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Veracyte Builds Data for Lung Cancer Swab Test, Begins Limited Launch


NEW YORK – Molecular diagnostics firm Veracyte has begun providing its nasal swab-based lung cancer test to a limited number of early adopter clinical sites as it builds utility data to support broad reimbursement.

The move comes alongside new performance data for the Percepta assay, which investigators presented earlier this month at the 2021 American College of Chest Physicians (CHEST) annual meeting, held virtually. According to the company, the updated evidence adds new support for the ability of the test to assess disease risk across different nodule sizes and cancer stages in current or former smokers, and for patients who have already had other cancers.

The Percepta Nasal Swab assay is intended to help physicians treat patients with lung nodules found during a CT scan, informing their decisions regarding which patients should proceed to further diagnostic workup and which may avoid these invasive procedures.

The assay joins Veracyte's previously launched Percepta Genomic Sequencing Classifier — which is performed on samples taken during a bronchoscopy — and uses the same basic approach, measuring gene expression signals associated with cancer-related tissue damage in the lungs.

Presenting the new data in an oral session at the meeting this month, Carla Lamb, an interventional pulmonologist at Lahey Hospital & Medical Center, highlighted the fact that physicians currently have limited tools, especially objective tools, to determine whether or not patients with lung nodules discovered on imaging have cancer.

"This uncertainty can lead to unnecessary diagnostic procedures or to potentially delayed diagnosis and treatment," she said in a statement.

Veracyte's early data on the Percepta nasal swab test was generated from a blinded set of samples from 249 patients, all current or former smokers undergoing evaluation for lung nodules found on CT scans. Patients were followed for up to one year or until physicians made a final, adjudicated diagnosis.

The new expanded data presented at the CHEST meeting incorporated an additional 63 patients with prior cancers elsewhere in the body who were part of a planned secondary endpoint analysis.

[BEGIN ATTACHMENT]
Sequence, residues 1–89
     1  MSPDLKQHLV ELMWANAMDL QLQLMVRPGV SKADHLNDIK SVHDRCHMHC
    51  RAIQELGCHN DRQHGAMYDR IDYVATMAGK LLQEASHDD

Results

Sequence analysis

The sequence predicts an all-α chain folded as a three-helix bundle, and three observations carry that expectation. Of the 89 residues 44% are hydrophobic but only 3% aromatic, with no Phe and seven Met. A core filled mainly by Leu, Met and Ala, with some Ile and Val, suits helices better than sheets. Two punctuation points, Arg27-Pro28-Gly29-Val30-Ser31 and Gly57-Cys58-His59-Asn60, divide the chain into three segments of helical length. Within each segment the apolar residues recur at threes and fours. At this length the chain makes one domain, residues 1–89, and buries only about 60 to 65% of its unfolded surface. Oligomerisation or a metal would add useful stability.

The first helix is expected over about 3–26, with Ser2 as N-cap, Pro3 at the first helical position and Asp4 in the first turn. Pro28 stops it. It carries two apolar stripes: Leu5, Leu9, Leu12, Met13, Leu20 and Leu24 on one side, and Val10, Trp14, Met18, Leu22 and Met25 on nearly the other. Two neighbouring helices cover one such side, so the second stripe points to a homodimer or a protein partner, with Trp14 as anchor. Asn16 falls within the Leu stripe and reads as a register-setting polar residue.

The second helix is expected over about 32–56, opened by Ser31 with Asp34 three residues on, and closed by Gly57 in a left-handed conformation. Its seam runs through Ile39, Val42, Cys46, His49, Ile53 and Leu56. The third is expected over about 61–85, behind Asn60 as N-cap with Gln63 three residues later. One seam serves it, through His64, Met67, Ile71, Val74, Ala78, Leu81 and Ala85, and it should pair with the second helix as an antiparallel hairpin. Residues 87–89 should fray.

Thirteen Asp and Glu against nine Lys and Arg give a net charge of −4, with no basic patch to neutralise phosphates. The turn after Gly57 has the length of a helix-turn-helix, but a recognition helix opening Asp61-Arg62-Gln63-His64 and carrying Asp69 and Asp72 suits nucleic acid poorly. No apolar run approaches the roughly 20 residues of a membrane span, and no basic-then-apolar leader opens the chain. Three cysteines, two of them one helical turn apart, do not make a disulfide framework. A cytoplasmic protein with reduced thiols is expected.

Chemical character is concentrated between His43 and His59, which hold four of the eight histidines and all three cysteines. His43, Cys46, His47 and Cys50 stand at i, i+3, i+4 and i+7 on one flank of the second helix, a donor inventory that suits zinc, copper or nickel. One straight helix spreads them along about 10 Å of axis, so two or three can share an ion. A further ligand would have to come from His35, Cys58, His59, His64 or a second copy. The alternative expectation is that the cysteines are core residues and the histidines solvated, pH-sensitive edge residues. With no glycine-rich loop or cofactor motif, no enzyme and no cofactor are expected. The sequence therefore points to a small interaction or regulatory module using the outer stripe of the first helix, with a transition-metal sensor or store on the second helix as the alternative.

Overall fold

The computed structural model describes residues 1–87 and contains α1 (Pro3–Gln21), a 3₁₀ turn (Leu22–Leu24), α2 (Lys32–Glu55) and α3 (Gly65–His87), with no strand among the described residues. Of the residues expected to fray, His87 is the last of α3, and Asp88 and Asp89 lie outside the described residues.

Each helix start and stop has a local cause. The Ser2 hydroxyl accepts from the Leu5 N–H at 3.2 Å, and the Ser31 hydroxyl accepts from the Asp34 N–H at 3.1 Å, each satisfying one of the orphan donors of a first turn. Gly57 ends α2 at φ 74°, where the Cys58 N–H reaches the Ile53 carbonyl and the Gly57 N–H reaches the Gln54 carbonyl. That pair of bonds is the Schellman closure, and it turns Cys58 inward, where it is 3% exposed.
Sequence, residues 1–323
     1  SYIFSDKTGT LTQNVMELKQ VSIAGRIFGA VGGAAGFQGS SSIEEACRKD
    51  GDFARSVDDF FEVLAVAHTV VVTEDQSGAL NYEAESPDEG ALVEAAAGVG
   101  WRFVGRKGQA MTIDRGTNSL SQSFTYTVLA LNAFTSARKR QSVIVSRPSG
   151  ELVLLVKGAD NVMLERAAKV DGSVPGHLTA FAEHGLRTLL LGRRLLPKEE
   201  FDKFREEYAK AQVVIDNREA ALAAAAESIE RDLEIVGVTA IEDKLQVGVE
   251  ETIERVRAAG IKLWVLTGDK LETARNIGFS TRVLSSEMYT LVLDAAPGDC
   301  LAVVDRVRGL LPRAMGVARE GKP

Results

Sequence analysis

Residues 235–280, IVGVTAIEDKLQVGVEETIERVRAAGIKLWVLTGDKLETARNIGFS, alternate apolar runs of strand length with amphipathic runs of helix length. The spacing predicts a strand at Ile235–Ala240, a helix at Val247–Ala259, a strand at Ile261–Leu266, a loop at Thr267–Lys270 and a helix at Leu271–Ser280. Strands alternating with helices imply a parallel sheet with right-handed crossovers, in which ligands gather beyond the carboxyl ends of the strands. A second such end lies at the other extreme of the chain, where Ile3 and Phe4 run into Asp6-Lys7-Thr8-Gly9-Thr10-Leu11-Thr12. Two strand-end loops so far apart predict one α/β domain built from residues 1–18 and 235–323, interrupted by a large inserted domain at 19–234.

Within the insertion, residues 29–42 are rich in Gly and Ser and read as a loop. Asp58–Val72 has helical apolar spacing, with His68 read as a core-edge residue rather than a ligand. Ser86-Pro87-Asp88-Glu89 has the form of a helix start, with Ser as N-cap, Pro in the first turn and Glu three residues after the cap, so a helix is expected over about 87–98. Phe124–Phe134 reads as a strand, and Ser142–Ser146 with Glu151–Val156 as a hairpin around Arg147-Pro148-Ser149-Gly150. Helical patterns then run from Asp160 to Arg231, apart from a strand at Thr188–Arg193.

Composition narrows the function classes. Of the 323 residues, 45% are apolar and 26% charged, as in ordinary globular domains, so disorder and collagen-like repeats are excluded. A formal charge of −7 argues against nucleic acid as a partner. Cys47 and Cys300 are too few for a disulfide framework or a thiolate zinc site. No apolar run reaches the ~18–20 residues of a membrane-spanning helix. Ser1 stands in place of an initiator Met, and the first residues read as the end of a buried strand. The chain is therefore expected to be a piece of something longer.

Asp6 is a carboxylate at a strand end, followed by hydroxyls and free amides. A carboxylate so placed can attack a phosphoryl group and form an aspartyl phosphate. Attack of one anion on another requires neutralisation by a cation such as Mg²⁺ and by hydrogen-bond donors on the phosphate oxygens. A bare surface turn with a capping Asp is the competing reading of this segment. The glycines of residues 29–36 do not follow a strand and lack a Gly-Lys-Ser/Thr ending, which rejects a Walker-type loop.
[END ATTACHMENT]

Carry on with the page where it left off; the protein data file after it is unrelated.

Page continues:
In this overall cohort of 312 patients, the investigators calculated that the Percepta swab test had a sensitivity of 97 percent in marking patients as low risk for cancer. This translated to a negative predictive value of about 98 percent, assuming a 25 percent cancer prevalence in the target population of individuals with CT-identified nodules.

At the same assumed disease rate, the researchers calculated that the test's 92 percent specificity for calling high-risk nodules would yield a positive predictive value of 70 percent for the detection of malignancies.

Finally, in a sub-analysis of the cohort, the researchers measured the test’s performance across different nodule sizes and cancer stages. According to the team, the test marked 100 percent of large cancerous nodules as either high or moderate risk and showed similar performance in cancers that were stage II and above.

"What I think is really noteworthy is that [we've been able to show] very high sensitivity for calling a patient low risk," Giulia Kennedy, Veracyte's CSO and chief medical officer, said in an interview.

At the same time, the assay was able to maintain high specificity, she added. "One of the issues with CT screening is that it's sensitive, but it's not specific, so a lot of people get worked up for nodules that really aren't cancer. We are covering both ends of that spectrum really, really well," Kennedy said.

Alongside the nasal swab and GSC assays, Veracyte also has plans to validate and release a complementary tissue-based test, the Percepta Genomic Atlas, to be used to inform treatment decisions for patients who have been diagnosed with lung cancer via a biopsy.

The company is not alone in targeting multiple decision points in the lung cancer diagnosis and treatment process. But few other firms offer tests in the early, noninvasive diagnostic space. Biodesix, for example, has been successful in bringing a pair of proteomic products to market for assessing CT-detected nodules. The company's Nodify XL2 assay received a local coverage determination from its Medicare contractor Noridian for use in the management of lung nodules between 8 and 30 mm in diameter, and in patients 40 years or older and with a pre-test cancer risk of 50 percent or less.

Oncocyte, once also a potential competitor in this niche, saw its efforts to launch a noninvasive nodule assessment assay fall through in 2020.

Veracyte CEO Mark Stapley said that his firm has successfully validated the Percepta swab test for clinical provision to customers through its CLIA lab. He didn’t name early adopters but said the company is doing a "phased launch" in a small number of sites, which will allow it to gather the clinical utility evidence needed to drive reimbursement.

"We've met all of our key [performance] milestones so now it's getting it in the hands of these sites and in the noses of patients," he said.